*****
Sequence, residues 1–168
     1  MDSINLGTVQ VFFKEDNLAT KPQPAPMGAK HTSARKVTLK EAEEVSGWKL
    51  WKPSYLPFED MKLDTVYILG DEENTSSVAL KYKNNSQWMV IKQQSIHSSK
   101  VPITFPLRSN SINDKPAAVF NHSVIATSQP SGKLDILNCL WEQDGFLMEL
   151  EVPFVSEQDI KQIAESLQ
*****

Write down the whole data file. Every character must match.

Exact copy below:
Sequence, residues 1–168
     1  MDSINLGTVQ VFFKEDNLAT KPQPAPMGAK HTSARKVTLK EAEEVSGWKL
    51  WKPSYLPFED MKLDTVYILG DEENTSSVAL KYKNNSQWMV IKQQSIHSSK
   101  VPITFPLRSN SINDKPAAVF NHSVIATSQP SGKLDILNCL WEQDGFLMEL
   151  EVPFVSEQDI KQIAESLQ